Managing The Nitrogen Cycle
By Donovan Potemri and Danya Abrams
Nitrogen, though it has difficulty making any chemical reactions, makes up seventy-eight percent of the air we breath, meaning that it must have some effect on our life, right? Right.
The separating of nitrogen molecules, which are composed of two nitrogen atoms, as well as the cycle of which these atoms and molecules are distributed and circulated is called the Nitrogen Cycle. After learning about this topic, and gaining very little knowledge at first, we had our first question. That question was: "Why should we care?" What effects does it have on society and how does it affect me? Well, the answer to that is that the Nitrogen Cycle allows for nitrogen atoms and molecules to compose amino acids that are the key ingredient to growing proteins in plants. These plants provide both food and oxygen for other organisms, which makes the continuous revolution of the Nitrogen Cycle important.
Another question that we had was what is the real problem with the Nitrogen Cycle right now? Why should we have to worry about it? The problem isn't that it's being shut down, or that it's being destroyed by a mass manufacturing of human made fertilizers containing nitrogen. It's exactly the opposite. Those manufactured fertilizers are adding too much nitrogen to the Nitrogen Cycle, which is making it hard to maintain because of the high amounts of human developed nitrogen, and the decreasing levels of natural oxygen.
With this in mind, we wanted to know if there was anything that we personally could do to prevent the Nitrogen Cycle from getting any worse than it already has. Though there is little to nothing that we personally can do to help with the increasing problems of the Nitrogen Cycle, biochemical engineers are working on this problem constantly. These engineers are trying to reduce the amount of nitrogen that is instilled into the Nitrogen cycle by humans, without decreasing the amount of natural nitrogen. This problem is becoming increasingly difficult, but is being continuously worked on by engineers.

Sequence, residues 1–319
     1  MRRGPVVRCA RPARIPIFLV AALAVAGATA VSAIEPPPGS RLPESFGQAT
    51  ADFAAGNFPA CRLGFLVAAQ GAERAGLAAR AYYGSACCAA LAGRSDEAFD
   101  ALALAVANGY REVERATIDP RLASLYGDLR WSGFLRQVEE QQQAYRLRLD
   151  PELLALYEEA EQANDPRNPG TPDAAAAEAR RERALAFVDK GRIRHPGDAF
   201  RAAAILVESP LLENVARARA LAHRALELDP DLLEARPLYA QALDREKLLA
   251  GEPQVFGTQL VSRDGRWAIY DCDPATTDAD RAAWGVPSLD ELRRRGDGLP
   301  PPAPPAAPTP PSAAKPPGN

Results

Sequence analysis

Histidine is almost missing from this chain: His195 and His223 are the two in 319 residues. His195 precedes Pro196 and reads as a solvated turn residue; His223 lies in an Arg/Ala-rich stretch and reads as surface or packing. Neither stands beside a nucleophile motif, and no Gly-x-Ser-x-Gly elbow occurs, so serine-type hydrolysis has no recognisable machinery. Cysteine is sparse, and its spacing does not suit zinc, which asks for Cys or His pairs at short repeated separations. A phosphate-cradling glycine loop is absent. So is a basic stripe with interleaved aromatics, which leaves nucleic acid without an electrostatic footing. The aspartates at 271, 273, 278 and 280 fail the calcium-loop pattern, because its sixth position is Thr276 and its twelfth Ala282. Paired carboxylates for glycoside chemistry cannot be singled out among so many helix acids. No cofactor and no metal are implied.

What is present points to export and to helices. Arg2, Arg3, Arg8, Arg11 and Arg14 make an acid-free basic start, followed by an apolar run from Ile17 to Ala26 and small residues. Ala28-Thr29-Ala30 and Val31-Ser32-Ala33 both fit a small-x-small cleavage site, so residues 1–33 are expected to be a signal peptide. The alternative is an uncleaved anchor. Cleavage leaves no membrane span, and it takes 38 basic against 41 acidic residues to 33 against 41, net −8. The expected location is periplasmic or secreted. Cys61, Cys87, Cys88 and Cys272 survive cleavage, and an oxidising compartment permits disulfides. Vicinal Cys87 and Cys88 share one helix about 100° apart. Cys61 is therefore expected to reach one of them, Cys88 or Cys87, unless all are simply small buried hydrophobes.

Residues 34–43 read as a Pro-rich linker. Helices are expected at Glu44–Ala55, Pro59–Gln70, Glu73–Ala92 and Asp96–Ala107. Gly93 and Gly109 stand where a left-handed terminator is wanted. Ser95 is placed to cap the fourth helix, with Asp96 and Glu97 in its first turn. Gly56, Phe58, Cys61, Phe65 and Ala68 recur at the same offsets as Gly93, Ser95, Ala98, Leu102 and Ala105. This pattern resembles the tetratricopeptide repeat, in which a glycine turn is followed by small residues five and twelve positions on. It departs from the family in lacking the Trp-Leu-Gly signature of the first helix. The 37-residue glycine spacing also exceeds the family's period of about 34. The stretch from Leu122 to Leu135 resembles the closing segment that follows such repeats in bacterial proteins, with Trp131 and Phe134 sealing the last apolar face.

After reading further about the Nitrogen Cycle, we discovered that the Nitrogen Cycle was going to have a lasting effect on the atmospheric maintenance. The human instilled nitrogen is causing nitrous oxide, which is a greenhouse gas, to be released into the atmosphere. For those of you who don't know, greenhouse gases are very unhealthy for the atmosphere and it's level of stability, and if the Nitrogen Cycle is not maintained and restored to its original and natural state, then the atmosphere will be affected negatively.
Finally, after gaining all of this information and listing all of this research, we had one final question. Who discovered the Nitrogen Cycle and who discovered the severity of its eventual meltdown? After further research, it is unclear who discovered the nitrogen cycle, but we do know that it was discovered in the late 1800's
With all of that information in mind, do not despair, for the Nitrogen Cycle is going to be well maintained and though there isn't really anything we can personally do about it anyway, we know that the problem is being resolved.
Nitrogen - A colorless and odorless diatomic gas found on the periodic table.
Nitrogen Cycle - The series of processes by which nitrogen and its compounds are interconverted in the environment and in living organisms, including nitrogen fixation and decomposition.
Atmosphere - The envelope of gases surrounding the earth or another planet.
Greenhouse Gases - A gas that contributes to the greenhouse effect by absorbing infrared radiation, e.g., carbon dioxide and chlorofluorocarbons.
Biochemical Engineering - Biochemical engineering is a branch of biotechnology Engineering,chemical engineering, Biomedical engineering and Pharmaceutical Engineering that mainly deals with the design and construction of unit processes that involve biological organisms or molecules, such as bioreactors.